How to Win Short Story Competitions
For increased chances of winning short story competitions, the best advice you can get is just write better stories. Short and simple. But competitions are always in part lotteries and there are ways of improving the odds. These tips are mere guidelines and are not cast in stone. Choose whatever you think will help you create a more polished story. After all, you’re still the author.
WHAT TO DO
- A good title is necessary. So choose carefully; otherwise, your excellent writing cannot make up for a lousy title.
- Use active tense of verbs. It moves the story faster, making the story more dynamic and interesting.
- Make sure you know what you are talking about. Publishers and critics are turned off and can become unforgiving when you don’t have accurate information.
- Always write with the reader in mind. But if you don’t care what they think about, make sure you can offer something that will get them hooked until the last page.
- Allow plenty of time to edit the thing until you get sick of it. Walk away from your story for a few weeks. When you come back, the awkward bits will stand out.
- Read the story aloud, so you can hear the mistakes. Take out any word or sentence that does not move the story along.
- Put all your fervent passion into action. Whether it is a simple one or a complicated storyline, as long as you love doing it, it cannot be hidden at the end.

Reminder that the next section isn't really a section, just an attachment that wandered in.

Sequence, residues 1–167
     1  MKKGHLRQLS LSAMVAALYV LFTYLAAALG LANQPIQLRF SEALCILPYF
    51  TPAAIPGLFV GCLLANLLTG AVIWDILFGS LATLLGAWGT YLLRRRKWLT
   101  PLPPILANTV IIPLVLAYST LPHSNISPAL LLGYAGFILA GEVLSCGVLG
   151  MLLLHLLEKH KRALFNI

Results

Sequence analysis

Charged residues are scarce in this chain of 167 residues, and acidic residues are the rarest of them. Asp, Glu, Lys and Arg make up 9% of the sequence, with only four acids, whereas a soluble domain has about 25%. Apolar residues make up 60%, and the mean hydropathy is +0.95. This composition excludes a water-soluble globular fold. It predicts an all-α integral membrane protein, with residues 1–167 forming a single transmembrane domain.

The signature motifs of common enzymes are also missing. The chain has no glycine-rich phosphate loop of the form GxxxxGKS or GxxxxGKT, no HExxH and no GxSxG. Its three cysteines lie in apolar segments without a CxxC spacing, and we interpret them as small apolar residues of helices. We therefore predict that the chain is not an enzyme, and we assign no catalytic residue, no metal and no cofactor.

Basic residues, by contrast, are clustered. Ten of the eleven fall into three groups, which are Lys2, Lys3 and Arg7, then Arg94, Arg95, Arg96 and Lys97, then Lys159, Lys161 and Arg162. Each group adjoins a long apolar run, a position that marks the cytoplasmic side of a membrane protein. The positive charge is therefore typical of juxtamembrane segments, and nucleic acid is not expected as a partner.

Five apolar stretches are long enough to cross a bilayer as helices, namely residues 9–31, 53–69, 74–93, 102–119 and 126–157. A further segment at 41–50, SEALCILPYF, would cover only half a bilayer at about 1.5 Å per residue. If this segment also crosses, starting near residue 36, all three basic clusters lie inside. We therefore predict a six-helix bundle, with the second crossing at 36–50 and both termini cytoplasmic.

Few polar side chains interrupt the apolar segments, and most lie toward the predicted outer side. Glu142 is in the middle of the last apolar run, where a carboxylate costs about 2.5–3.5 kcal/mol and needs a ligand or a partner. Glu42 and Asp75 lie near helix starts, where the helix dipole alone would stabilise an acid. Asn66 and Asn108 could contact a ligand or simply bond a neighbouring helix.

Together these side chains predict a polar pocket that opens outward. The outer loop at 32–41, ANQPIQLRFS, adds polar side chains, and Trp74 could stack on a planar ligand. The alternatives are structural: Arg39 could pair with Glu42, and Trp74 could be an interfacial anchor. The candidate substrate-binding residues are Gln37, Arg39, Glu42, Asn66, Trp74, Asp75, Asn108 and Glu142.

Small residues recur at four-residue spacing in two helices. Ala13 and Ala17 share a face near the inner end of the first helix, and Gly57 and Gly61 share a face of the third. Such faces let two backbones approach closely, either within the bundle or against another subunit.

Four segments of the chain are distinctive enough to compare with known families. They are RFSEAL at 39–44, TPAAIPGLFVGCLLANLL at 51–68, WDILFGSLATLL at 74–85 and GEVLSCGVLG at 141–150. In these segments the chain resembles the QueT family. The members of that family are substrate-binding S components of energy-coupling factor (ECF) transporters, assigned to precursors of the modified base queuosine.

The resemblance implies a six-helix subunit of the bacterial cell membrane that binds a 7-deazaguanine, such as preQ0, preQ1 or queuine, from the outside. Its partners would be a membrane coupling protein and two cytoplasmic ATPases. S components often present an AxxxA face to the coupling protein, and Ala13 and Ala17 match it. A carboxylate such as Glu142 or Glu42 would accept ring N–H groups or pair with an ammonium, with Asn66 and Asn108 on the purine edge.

- Submit as many as you can. While some writer would argue to the quality of work, take advantage of the competition to energise you to write faster and better.
- Do everything you can to enter. Do not use lack of money as an excuse. If you want to be a writer and gain respect for being a talented one, find ways to submit your entry.
- Know whom you are dealing with. What kind of strategy the competition prefers? If the judges are published authors, where are they coming from? If meeting their criteria won’t ruin you, then plunge in deep because that can be your ticket to the finals.
WHAT NOT TO DO
- Do not use more than five characters. But if you must, make sure each has a captivating story on its own.
- Never give the best lines to anyone other than the protagonist. Or if you wish to do otherwise, make sure you create as equally compelling lines for both protagonist and antagonist.
- Don’t let your ego get in the way of the story. Or your presence. Reads are clever enough to know what you are talking about.
- Don’t use words ending in ly, because these adverbs slow the action. Don't forget to go easy on the use of adjectives as well.
- If your story is rejected or an editor rips it to pieces, don’t email the organizers of the competition and go off on them. Don't get mad at your editor if he or she seems abrupt and overly critical.
- Never argue back at people whose job is to help you improve your story.
- Don’t enter competitions at the last minute. Give the judges a breather. Don’t make them read you in the crush.
- Don’t go digging out old stuff. It might be a gem of a story but newer, fresher, more current ideas are better.
- Don’t write to impress. All that you need are honesty and passion. It is tempting to please the readers or aim to be a best seller of a particular genre, but if it will distort the real you, then it is not worth it.
- Don’t stay with the herd. Most entries, even if deemed good enough to make it to the top, tend to merge into one another, which can induce gags from judges. But if they see something that is above mediocre yet fresh in a pile of stories, then it might actually stand out and emerge victorious.